Keesing Media Group, the world leader in “Braintainment” has acquired casual puzzle game developer CoolGames.
Keesing Media Group is a specialist in puzzle games and what they call “braintainment”, while CoolGames specialises in casual titles brought to a variety of platforms via HTML5. Keesing themselves are primarily in the avenue of traditional media, such as puzzle books, and this acquisition - indicated to take immediate effect - will likely give them major inroads into the digital gaming market as we know it.
CEO of Keesing Media Group, Philip Alberdingk Thijmm, commented on the deal, “The acquisition of CoolGames is a further step in putting our digital ambitions into practice. CoolGames’ platform partners will benefit from Keesing’s vast content databases and deep knowledge about good puzzles. Additionally, our current B2B media clients will be able to offer a much broader selection of both puzzles and casual games to their own clients.”
Founder of CoolGames, Laurens Rutten added, “By teaming up with Keesing, we can now bring our existing titles to players in Keesings client base of international media companies. And we also see a growing popularity of good word-games and other engaging puzzle-types in the entire games market. With Keesing’s expertise in puzzles and our know-how of both single-player and social casual games for various platforms, we expect to develop successful new IP in the coming years.”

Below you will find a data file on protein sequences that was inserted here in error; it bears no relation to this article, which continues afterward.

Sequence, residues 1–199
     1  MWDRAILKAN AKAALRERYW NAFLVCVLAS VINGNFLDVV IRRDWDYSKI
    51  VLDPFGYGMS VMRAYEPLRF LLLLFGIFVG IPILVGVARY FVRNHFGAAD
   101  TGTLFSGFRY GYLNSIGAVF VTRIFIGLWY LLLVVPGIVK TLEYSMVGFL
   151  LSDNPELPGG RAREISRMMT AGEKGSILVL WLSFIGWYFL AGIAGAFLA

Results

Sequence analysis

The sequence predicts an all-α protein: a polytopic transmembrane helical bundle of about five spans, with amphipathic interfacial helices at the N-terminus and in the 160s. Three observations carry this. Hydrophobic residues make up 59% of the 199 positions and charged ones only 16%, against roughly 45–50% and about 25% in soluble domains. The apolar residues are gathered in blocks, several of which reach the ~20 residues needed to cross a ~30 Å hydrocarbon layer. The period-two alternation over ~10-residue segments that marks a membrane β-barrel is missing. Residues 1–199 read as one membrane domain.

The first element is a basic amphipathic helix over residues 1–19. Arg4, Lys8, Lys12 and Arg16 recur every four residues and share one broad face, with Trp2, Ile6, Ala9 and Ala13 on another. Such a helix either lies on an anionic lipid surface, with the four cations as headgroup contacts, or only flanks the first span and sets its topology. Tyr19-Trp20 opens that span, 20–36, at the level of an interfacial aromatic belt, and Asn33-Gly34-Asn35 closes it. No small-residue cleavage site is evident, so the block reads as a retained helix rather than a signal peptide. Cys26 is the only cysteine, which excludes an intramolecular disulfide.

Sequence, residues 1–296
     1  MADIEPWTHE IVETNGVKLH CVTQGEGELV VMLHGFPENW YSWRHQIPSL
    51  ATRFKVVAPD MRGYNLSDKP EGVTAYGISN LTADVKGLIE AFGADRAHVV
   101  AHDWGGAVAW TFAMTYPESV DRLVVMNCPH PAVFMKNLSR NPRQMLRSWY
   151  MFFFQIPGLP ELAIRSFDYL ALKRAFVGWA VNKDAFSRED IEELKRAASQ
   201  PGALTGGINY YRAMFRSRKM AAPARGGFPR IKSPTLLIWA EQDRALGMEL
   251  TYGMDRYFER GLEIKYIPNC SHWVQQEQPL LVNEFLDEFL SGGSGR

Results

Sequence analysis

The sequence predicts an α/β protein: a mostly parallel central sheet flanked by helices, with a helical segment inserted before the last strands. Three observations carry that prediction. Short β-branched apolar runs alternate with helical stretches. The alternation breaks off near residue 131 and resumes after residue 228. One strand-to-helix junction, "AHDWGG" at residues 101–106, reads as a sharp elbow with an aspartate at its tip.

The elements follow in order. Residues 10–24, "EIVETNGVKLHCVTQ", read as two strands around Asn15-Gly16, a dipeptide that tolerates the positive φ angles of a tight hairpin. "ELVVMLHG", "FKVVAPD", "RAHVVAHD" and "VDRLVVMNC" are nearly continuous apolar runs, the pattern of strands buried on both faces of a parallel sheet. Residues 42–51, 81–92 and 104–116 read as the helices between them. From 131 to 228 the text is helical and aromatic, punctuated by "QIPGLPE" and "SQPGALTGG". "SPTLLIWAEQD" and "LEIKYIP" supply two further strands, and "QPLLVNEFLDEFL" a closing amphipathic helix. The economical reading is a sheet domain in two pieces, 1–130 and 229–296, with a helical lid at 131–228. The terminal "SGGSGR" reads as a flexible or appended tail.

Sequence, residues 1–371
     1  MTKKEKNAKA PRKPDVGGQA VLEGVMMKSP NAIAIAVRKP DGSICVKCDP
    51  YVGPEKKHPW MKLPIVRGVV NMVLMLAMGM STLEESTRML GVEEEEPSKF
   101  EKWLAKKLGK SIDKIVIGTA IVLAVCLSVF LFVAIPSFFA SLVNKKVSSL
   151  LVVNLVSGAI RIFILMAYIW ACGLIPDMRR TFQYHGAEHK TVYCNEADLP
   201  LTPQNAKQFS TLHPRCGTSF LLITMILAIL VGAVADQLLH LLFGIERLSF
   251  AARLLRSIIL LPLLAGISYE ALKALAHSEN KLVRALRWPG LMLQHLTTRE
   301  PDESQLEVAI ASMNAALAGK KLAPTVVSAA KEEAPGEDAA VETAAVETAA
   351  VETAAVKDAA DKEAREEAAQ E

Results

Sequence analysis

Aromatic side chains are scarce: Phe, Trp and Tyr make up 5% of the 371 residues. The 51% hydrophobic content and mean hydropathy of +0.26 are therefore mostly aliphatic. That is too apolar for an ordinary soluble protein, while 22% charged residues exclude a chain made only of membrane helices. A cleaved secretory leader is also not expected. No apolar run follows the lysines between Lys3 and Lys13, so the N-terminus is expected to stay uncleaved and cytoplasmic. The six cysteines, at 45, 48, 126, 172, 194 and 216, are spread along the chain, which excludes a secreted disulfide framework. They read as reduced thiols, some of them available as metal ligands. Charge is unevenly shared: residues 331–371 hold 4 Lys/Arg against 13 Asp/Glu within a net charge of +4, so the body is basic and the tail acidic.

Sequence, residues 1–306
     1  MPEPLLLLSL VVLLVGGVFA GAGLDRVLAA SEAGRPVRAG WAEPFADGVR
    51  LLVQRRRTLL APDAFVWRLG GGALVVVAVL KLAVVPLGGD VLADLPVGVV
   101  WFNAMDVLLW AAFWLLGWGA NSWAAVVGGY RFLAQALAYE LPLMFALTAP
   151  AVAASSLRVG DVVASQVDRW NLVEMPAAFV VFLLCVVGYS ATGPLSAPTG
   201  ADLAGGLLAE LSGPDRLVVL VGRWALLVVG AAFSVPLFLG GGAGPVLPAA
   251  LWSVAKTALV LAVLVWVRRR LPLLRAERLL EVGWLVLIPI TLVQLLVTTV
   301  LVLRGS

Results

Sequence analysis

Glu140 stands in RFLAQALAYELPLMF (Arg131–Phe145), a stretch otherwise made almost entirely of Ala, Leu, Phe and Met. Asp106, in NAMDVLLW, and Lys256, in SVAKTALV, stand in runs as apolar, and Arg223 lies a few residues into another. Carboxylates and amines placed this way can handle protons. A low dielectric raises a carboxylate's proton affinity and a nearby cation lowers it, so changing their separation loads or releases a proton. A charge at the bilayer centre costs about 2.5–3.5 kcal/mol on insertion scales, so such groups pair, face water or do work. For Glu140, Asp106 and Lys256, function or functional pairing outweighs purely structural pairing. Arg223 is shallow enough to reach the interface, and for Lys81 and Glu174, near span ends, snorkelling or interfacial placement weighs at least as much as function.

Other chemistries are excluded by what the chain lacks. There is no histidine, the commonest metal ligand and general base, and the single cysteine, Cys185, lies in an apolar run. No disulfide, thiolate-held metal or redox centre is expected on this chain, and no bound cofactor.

Picking your brains(tainment)
The acquisition of CoolGames by Keesing Media Group is yet another example of a traditional media organisation investing into the gaming market. This move will give them inroads into the casual gaming market, although it’s not yet clear if CoolGames will break from their publishing format on HTML5 to full-fledged original titles.
It’s also, unsurprisingly, not the first big move we’ve seen around puzzles and educational content in mobile. Outside of the puzzle game genre companies such as Outfit7 have invested in startups such as Hopalai, while NetDragon spun-off their highly successful education business into its own entity amidst slower performance on their mobile side.
If indeed CoolGames does stick to HTML5 and avenues outside of traditional app stores, it certainly wouldn’t be a bad choice. As the company has already demonstrated their commitment and belief in the potential of different means of producing and distributing their games, as co-founder Laurens Rutten told us in an interview from 2020.